We headed out in the late afternoon and got to watch a spectacular sunset out on the water. Also, because Finland experienced an abnormal heatwave this summer, the waters were warmer than usual and our group had plenty of fun splashing around.
So far all my kayaking trips have been brief outings ranging from 2-4 hours, however, if you’re an avid kayaker, Aavameri Archipelago Sea Kayaking runs week-long excursions that take you as far out as the Åland Islands – that’s heading towards Sweden!
Visit the Bengtskär Lighthouse
The Bengtskär Lighthouse is a pretty unique attraction because it’s located 52 kilometers out at sea. The lighthouse was built in 1906 on a rocky outcrop and it is one of the tallest in all of the Nordic countries.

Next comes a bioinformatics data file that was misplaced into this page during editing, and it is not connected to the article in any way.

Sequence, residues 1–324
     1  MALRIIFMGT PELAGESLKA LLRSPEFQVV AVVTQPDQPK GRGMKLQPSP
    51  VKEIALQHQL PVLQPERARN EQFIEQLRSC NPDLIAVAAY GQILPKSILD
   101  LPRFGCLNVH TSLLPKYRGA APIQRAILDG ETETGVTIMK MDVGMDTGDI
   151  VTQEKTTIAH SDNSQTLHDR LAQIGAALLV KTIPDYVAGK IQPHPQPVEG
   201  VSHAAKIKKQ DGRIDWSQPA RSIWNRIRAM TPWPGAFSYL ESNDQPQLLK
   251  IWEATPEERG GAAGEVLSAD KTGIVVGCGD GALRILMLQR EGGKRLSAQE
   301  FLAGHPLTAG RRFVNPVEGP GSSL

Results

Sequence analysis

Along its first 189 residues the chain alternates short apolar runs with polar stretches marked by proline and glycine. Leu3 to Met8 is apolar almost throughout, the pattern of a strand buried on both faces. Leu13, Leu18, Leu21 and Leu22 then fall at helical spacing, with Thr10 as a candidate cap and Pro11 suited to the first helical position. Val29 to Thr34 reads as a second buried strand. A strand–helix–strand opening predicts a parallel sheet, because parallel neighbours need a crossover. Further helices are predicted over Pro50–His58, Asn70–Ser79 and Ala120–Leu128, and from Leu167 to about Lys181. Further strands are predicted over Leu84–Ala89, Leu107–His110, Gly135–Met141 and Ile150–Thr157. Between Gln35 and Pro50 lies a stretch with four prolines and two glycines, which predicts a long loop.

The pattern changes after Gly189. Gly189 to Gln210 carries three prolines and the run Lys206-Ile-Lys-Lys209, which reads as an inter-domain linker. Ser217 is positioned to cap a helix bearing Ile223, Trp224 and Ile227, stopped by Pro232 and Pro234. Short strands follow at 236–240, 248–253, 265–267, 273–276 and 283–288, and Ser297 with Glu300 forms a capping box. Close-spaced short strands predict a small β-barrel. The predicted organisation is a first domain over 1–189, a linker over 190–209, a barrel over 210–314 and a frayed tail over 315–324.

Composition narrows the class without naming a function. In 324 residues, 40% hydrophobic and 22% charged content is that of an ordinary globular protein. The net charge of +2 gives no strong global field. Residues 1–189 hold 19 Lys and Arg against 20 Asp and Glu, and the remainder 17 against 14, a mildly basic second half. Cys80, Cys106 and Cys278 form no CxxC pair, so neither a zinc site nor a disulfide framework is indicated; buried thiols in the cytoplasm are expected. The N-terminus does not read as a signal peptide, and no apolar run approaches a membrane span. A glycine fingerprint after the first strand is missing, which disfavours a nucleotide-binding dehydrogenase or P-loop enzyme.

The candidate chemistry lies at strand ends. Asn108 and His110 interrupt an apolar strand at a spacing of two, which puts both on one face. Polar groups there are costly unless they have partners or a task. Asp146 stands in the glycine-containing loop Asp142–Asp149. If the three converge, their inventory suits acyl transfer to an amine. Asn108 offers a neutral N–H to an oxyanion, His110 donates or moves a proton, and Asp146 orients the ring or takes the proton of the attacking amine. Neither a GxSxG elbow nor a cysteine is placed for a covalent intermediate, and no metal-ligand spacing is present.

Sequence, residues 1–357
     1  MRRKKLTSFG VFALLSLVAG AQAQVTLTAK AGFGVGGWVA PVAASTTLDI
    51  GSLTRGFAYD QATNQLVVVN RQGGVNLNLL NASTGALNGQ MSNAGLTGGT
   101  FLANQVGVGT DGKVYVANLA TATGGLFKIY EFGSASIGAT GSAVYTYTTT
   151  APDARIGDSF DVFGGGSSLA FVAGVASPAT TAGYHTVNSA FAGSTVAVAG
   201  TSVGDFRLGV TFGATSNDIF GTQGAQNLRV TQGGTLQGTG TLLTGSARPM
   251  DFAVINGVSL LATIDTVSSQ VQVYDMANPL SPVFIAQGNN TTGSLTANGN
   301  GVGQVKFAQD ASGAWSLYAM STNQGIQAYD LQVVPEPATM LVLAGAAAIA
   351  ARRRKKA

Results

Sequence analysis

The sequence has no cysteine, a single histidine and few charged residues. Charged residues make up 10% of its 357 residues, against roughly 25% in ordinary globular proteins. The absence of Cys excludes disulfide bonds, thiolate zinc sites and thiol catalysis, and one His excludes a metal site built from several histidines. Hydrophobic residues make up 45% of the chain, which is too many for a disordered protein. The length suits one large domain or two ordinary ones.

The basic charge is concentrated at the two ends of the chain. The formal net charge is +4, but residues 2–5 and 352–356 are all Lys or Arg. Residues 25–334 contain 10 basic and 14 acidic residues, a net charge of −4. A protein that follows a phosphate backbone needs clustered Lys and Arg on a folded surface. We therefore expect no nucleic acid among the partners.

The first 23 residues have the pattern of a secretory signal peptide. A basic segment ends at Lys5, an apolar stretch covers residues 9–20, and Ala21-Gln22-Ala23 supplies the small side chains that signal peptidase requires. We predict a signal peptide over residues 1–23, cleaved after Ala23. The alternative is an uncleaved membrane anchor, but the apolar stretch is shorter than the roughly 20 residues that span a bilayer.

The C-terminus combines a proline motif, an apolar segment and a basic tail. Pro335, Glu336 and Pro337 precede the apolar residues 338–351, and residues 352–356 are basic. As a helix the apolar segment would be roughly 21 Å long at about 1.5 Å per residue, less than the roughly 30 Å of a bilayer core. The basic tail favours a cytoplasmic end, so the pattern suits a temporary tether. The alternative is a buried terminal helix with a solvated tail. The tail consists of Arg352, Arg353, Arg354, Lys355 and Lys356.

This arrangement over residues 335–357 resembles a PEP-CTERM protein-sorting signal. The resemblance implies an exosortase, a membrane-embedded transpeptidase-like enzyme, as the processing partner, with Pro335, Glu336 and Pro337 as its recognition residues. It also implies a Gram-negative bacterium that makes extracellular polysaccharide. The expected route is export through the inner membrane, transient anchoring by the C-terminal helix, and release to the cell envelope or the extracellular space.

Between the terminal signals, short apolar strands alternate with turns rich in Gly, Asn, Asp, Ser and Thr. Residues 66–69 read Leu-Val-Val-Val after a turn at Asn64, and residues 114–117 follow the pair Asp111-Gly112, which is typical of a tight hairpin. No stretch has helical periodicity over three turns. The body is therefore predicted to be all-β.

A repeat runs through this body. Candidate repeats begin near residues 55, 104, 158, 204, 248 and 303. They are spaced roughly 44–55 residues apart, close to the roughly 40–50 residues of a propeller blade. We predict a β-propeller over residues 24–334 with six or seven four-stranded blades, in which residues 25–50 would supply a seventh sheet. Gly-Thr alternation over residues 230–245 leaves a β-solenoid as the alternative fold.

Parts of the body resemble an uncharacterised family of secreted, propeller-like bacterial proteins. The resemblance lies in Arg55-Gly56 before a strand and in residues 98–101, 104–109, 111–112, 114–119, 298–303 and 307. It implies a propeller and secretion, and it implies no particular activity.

Paula and Per Wilson have the distinguished title of being the lighthouse’s keepers, and the only time they leave this peaceful abode is during the winter months when the waters freeze over preventing supplies from reaching the island.
If you ask me, the coolest thing about the Bengtskär Lighthouse is that you can actually stay there as a guest! I didn’t have the chance to do so, but the lighthouse does have a select number of rooms where visitors can come and spend a few nights. Can you imagine falling asleep to the sound of crashing waves in a lighthouse out at sea?!
They also have a small chapel for couples looking to tie the knot is a small, intimate setting. Seriously, this video might just convince you to visit.
Go boating on the Baltic Sea
We were lucky enough to be in Kimito just as the summer holidays were coming to an end, meaning everyone was out enjoying one last hurrah on their sailboats. I don’t think we could have asked for better weather – we had blue skies for the duration of our visit.
Learn about the archipelago’s military past in Bolax